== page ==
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Understanding Infant Attachment: How Interactions with Caregivers Shape A Baby's Security

Attachment theory was initially conceptualized by John Bowlby (Ph.D.), a British psychologist, in the late 1940s in response to the negative outcomes children were experiencing after being seperated from their mothers during the bombings of London. Mary Ainsworth (Ph.D.), an American-Canadian psychologist and student of Bowlby, continued studying attachment theory, with many of her studies being named cornerstones of modern day attachment theory (Ravo, 1999). Bowlby's and Ainsworth's research, along with thousands of other studies, have tested and validated attachment theory for well over 70 years in a variety of research fields including (but not limited to) sociology, anthropology, child development, communication studies, family studies, and psychology.

Attachment is used to explain the bond between a child and their caregiver(s). Caregivers can be one individual, like a parent, or a few individuals, like a parent, grandparent, and a childcare provider. Individuals who spend a significant amount of time with the infant have the potential to become a secure base for that infant. Thus, infants should be surrounded by individuals who are consistently sensitive and able to tend to all of the infant's needs.

Here's a great video that briefly explains how attachment theory was developed, some basic tenants of the theory, and some positive and negative outcomes of attachment security and insecurity.

From feelings of hunger and sleepiness, to feeling scared after hearing a loud noise, to simply wanting to be held because he or she is lonely, infants experience all kinds of mild, moderate, and severe distress. Infants are not born with the ability to cope with this stress. Instead, they need a sensitive, caring adult to help them get through the difficult feelings they are experiencing. Eventually, the consistent help infants receive from their caregivers will enable them to down regulate their own stress.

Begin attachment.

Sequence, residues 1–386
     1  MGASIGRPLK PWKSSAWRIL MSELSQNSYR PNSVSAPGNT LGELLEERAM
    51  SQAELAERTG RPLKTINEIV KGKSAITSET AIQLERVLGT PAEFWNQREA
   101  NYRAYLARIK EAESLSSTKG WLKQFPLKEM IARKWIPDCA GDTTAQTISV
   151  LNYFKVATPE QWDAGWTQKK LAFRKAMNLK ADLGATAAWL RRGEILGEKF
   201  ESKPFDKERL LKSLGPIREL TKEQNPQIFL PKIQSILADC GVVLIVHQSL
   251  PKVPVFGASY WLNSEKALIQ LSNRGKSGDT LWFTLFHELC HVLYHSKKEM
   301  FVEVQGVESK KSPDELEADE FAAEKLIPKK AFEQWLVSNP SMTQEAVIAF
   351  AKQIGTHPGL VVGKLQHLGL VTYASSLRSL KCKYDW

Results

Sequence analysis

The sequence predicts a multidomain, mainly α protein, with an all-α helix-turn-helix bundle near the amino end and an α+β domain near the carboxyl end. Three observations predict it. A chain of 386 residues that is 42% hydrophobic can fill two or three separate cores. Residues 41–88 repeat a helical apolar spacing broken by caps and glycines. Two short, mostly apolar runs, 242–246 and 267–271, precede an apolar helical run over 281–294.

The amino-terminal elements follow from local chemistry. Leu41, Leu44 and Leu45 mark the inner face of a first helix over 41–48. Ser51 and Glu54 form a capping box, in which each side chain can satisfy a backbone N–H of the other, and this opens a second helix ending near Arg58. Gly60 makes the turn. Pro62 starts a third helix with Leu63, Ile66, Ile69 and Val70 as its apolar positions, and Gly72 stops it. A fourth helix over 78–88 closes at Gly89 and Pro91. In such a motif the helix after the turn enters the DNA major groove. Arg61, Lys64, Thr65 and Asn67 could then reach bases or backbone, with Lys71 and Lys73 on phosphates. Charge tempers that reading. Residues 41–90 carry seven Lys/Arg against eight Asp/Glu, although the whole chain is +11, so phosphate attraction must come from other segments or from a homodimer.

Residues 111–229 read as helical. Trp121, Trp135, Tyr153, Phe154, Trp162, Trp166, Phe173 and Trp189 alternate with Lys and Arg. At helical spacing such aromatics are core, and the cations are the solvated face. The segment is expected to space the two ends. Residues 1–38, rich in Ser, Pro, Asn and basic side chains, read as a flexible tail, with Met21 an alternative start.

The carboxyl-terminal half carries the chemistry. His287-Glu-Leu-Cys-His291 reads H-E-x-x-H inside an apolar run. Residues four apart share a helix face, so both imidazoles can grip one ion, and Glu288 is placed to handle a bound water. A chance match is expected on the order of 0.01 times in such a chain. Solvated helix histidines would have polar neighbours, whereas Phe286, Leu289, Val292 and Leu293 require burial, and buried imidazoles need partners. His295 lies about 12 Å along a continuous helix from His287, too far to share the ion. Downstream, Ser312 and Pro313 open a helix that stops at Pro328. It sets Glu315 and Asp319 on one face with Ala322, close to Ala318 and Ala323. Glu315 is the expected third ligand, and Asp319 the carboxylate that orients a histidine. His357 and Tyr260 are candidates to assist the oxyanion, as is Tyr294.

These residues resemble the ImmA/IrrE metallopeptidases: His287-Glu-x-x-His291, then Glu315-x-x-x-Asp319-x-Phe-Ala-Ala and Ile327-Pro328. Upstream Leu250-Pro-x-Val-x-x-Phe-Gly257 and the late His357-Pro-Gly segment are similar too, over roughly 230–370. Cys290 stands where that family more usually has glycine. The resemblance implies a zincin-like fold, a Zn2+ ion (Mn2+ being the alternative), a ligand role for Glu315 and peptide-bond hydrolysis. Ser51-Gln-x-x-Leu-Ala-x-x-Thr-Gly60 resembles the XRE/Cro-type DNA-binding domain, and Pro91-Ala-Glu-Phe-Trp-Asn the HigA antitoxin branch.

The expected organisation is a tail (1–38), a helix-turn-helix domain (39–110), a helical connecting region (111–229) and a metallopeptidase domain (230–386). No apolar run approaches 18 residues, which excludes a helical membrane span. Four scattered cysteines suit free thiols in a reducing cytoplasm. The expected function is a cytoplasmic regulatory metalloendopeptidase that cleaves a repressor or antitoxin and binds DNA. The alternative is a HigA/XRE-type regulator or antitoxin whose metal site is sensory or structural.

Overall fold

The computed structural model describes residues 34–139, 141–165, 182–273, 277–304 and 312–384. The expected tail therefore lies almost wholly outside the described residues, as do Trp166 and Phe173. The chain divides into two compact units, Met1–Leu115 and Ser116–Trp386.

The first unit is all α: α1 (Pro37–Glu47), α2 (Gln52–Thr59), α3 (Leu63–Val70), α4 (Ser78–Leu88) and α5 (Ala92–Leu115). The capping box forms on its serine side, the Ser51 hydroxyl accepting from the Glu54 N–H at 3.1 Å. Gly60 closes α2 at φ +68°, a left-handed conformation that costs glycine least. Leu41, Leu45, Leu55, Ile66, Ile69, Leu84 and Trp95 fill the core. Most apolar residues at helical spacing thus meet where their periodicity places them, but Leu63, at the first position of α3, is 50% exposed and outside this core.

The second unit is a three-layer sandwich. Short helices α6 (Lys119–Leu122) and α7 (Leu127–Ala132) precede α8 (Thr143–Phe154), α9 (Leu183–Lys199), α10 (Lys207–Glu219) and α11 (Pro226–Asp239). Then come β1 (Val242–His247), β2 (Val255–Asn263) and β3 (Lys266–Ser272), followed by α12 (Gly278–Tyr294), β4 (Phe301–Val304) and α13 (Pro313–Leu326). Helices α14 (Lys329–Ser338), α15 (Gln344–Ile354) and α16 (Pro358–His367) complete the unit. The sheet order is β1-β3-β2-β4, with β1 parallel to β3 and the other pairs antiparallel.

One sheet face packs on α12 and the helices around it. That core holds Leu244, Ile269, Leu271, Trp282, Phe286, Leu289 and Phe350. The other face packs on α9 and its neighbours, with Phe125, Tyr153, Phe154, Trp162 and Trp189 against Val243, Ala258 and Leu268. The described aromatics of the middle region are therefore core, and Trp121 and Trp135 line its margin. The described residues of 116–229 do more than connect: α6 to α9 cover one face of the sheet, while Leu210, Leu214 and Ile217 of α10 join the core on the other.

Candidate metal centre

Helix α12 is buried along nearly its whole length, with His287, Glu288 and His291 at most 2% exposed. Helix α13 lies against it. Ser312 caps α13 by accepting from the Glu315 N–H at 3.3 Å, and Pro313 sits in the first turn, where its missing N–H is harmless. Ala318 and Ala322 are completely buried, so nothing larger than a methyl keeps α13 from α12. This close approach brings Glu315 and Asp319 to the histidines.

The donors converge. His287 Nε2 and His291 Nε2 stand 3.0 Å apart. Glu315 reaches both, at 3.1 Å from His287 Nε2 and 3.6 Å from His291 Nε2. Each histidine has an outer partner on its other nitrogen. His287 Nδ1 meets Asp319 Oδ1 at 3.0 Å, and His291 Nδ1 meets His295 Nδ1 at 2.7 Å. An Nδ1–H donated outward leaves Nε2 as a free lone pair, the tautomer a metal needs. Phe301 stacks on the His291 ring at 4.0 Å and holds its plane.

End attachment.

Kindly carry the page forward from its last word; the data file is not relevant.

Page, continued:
When is Attachment Developed?
Based on the sensitivity and consistency of caregiver responses, attachment bonds are developed. For example, when a caregiver is consistently sensitive and quick to respond to their infant's distress or bids for affection, that infant uses the trust built with their caregiver to develop a secure attachment foundation, allowing the infant to view him/herself as loved and lovable, to view others as trustworthy and good intentioned, and to view the world as a positive, safe place to be. On the other hand, when an infant's bids for affection and cries of distress are met with negativity, frustration, or insensitivity, they can begin to loose trust in their caregiver and develop an insecure attachment style, causing the baby to view him/herself negatively and to either feel anxiety about or avoidance towards other people and the world.
As mentioned, around 18 months (some argue up to 3 years), the patterns of behavior that created attachment bonds with primary caregivers help babies develop an attachment style. Children carry this attachment style with them throughout life; impacting how they start, maintain, and end friendships, family relationships, and romantic relationships with others. In addition, our attachment style affects how we communicate, positively (or negatively) view the intentions of other people, and react to everyday stress or severe trauma. Thus, the interactions that babies have with their caregivers during the first 18 months of life are indicators of social and emotional development throughout life.

Still want to learn more? You can watch my (Dr. Jennie Rosier) Facebook Live Mini Lecture on Understanding Infant Attachment:

  • Bowlby, J. (1979). The making and breaking of affectional bonds. London, England:Tavistock.
  • Ravo, N. (1999). Mary Ainsworth, 85, theorist on mother-infant attachment. The New York Times.

Want to learn even more about infant attachment? Here are some excellent books and articles related to understanding infant attachment:

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